Found below are few military news items that surfaced during the last week that caught my attention. I am hopeful that the titles and short commentary will encourage our readers to click on the embedded links to read more on subjects that interest them.
Drop me an email at firstname.lastname@example.org if you believe that there are other subjects that are newsworthy.
Wounded Warrior Project (“WWP”) attracts Congressional Scrutiny
A week after the top executives of the Wounded Warrior Project were fired amid accusations of lavish spending, an influential senator on a committee that oversees nonprofit organizations is asking for a detailed accounting by the country’s largest veterans’ charity. Read more . . .
PAWS: Republican lawmakers’ bill would give veterans puppies for PTSD
Republican lawmakers have introduced a bill that would create a five-year pilot program pairing veterans suffering from post-traumatic stress disorder with a service dog. Read more . . .
Veteran Unemployment hits 7-year low in October
Unemployment among all veterans reached a seven-year low last month, and the jobless rate among Iraq and Afghanistan-era veterans set a new record low in October, according to data from the Bureau of Labor Statistics released Friday. Read more . . .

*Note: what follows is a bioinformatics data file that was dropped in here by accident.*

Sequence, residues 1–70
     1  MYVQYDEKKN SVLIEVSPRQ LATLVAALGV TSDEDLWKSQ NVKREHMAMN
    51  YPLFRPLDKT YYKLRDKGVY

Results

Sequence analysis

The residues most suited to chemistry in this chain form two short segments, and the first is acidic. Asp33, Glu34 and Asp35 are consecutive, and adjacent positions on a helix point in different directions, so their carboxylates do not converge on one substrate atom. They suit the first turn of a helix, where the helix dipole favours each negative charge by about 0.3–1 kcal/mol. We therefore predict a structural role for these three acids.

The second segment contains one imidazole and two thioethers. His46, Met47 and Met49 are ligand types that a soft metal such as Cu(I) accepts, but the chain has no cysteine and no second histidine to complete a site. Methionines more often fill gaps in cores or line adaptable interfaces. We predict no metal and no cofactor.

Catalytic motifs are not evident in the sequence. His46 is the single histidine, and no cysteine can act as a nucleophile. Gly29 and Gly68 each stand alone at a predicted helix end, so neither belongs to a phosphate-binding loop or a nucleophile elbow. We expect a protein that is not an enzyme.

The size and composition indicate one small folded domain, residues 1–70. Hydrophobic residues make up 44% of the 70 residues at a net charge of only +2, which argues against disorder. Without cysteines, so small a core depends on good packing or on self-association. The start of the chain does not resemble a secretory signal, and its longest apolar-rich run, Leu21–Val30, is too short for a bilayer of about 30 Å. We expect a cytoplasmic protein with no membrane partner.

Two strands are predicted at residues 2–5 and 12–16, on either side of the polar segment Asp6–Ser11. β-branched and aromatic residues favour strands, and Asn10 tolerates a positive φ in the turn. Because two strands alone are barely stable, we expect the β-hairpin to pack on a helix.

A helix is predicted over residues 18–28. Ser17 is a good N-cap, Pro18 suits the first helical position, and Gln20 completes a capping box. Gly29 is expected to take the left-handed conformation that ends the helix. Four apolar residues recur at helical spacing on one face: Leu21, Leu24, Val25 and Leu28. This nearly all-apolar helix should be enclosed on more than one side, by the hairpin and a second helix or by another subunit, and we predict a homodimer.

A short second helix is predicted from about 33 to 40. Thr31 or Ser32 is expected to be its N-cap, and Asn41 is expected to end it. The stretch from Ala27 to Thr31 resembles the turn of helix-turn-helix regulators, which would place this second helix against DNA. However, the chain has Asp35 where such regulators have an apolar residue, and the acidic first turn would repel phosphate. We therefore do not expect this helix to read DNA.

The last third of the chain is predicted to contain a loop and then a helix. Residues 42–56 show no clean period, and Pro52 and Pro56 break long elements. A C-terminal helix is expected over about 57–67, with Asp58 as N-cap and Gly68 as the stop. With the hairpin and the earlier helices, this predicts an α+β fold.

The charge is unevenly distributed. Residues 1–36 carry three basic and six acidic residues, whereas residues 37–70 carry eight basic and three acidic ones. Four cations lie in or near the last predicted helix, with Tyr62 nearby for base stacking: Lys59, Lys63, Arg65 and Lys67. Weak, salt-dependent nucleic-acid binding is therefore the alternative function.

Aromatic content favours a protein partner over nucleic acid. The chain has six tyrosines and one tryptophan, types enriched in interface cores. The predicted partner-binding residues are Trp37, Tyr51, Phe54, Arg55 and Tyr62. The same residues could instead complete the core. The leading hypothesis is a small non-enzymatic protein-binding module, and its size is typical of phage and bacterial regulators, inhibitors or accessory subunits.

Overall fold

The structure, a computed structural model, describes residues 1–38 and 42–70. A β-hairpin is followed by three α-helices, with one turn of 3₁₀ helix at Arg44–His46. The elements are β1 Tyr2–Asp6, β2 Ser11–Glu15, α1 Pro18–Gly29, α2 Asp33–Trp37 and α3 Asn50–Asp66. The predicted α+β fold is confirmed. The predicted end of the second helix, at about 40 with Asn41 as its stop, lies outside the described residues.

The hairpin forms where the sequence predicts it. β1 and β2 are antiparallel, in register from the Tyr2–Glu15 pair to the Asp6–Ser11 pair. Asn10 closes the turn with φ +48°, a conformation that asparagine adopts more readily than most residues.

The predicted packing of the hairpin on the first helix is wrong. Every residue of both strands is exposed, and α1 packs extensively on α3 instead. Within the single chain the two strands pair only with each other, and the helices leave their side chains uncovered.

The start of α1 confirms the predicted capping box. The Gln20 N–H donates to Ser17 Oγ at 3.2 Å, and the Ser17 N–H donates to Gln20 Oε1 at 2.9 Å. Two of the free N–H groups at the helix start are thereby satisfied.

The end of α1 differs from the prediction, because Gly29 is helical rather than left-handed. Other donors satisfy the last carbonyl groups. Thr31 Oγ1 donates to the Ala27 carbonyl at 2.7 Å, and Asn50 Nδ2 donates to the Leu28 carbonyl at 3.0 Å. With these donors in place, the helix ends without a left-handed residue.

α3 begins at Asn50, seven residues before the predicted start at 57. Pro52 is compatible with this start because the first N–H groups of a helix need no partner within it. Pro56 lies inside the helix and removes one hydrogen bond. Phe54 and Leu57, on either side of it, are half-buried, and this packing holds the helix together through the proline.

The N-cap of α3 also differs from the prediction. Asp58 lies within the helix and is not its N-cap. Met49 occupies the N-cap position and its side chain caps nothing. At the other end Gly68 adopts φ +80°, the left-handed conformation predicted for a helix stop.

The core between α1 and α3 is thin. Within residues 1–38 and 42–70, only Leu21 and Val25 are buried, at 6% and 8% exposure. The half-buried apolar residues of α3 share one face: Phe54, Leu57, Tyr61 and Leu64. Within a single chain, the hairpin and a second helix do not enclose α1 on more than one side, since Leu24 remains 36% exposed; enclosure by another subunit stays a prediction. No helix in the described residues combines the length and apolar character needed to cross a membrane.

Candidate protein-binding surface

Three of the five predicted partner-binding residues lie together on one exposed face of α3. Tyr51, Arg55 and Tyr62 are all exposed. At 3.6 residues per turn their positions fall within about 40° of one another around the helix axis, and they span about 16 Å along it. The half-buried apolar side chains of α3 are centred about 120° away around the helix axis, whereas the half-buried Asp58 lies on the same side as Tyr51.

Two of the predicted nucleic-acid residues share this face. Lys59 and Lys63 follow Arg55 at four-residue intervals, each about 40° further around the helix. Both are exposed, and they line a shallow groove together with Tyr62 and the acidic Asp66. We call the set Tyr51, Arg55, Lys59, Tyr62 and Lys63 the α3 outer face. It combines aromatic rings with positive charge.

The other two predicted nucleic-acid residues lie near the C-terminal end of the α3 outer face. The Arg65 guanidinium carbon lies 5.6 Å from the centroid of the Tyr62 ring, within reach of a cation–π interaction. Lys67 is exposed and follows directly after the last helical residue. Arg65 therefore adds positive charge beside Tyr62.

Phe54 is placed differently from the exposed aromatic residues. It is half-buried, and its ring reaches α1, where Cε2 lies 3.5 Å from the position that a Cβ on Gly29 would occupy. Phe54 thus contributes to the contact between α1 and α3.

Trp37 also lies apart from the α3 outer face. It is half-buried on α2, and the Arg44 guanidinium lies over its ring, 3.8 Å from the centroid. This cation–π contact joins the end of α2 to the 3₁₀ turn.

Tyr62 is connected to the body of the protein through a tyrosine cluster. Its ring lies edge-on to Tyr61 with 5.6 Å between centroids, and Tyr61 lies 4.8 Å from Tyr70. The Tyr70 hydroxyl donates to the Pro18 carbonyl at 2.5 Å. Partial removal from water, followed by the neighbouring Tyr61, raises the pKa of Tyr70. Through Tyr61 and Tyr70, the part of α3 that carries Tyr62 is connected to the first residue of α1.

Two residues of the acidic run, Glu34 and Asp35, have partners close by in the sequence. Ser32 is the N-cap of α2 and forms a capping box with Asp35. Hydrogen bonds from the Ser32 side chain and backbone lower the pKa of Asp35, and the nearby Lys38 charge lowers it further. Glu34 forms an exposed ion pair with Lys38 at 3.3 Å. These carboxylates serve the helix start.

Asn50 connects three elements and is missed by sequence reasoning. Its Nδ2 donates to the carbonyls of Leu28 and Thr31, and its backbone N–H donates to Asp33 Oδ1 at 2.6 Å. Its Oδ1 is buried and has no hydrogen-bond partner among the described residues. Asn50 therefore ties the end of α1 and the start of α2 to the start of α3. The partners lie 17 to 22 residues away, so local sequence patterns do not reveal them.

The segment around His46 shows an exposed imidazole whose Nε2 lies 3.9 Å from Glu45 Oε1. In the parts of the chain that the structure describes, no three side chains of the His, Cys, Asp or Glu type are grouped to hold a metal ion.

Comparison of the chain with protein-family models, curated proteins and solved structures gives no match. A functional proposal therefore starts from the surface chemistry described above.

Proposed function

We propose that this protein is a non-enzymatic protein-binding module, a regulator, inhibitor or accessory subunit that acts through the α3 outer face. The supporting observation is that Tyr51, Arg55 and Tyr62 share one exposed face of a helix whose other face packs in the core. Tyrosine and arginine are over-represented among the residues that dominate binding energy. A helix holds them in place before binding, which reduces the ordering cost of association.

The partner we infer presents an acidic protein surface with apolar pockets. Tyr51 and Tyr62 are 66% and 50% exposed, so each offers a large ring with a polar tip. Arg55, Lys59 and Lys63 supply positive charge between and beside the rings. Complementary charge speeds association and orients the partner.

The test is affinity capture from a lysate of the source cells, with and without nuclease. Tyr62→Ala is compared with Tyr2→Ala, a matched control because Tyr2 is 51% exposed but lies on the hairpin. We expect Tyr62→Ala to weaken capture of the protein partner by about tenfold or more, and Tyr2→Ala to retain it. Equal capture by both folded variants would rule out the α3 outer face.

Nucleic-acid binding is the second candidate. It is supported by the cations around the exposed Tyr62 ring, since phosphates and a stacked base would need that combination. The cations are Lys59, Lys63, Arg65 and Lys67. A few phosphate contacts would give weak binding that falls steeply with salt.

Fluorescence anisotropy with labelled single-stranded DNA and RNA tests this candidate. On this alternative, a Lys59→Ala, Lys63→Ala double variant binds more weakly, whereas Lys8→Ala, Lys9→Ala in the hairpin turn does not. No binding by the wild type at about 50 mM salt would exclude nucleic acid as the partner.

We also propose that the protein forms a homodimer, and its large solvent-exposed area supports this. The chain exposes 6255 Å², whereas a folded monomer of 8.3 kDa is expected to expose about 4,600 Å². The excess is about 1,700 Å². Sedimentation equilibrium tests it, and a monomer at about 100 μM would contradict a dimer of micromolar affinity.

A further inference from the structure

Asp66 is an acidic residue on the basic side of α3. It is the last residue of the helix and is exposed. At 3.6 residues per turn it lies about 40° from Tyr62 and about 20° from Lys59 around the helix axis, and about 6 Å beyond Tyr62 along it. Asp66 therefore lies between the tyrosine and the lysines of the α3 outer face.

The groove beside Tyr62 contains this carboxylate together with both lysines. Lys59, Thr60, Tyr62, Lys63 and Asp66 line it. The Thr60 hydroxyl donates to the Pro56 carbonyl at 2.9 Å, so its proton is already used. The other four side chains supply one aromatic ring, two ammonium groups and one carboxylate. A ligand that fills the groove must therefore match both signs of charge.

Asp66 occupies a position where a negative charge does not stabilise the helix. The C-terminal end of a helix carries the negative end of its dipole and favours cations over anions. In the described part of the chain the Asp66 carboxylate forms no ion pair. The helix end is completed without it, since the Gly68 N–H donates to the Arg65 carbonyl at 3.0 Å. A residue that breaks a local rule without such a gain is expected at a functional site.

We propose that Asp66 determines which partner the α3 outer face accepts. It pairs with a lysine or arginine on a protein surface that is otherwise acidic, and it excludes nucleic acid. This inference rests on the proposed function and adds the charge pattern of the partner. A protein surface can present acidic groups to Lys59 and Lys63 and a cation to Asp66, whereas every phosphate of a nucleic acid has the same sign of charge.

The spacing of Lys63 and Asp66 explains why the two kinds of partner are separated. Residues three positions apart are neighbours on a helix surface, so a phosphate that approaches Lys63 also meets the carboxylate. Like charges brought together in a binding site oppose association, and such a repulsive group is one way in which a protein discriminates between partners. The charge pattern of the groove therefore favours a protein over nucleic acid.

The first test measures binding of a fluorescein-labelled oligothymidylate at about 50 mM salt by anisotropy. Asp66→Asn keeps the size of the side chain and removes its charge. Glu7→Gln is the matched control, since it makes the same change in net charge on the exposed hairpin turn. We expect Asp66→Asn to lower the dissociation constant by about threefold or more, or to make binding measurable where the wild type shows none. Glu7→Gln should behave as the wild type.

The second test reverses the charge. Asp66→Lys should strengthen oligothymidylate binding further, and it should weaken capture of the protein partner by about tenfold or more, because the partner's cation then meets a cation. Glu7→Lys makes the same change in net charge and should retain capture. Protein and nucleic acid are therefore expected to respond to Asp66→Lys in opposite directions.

US Military is looking at Cyborg Soldiers
War may be as old as time itself, but the technology behind it seems to be developing at a breakneck speed. And in the United States, cyborg soldiers are inching closer and closer to reality, as the Defense Advanced Research Projects Agency (DARPA) seeks to develop an implantable brain chip that would create a direct connection between a human and a computer. Read more . . .
VA Roles Out Plan to Reduce Veteran Suicides
The Department of Veteran Affairs is rolling out new initiatives to help reduce veteran suicides. The new plan is the result of a summit that took place in February with VA leaders, health care professionals and veteran organizations. The VA undersecretary for health, Dr. David Shulkin, said roughly 8,000 veterans commit suicide a year. Read more . . .
Army Takes On Its Own Toxic Leaders
Top commanders in the U.S. Army have announced publicly that they have a problem: They have too many “toxic leaders” — the kind of bosses who make their employees miserable. Many corporations share a similar problem, but in the Army’s case, destructive leadership can potentially have life or death consequences. So, some Army researchers are wondering if toxic officers have contributed to soldiers’ mental health problems. Read more . . .
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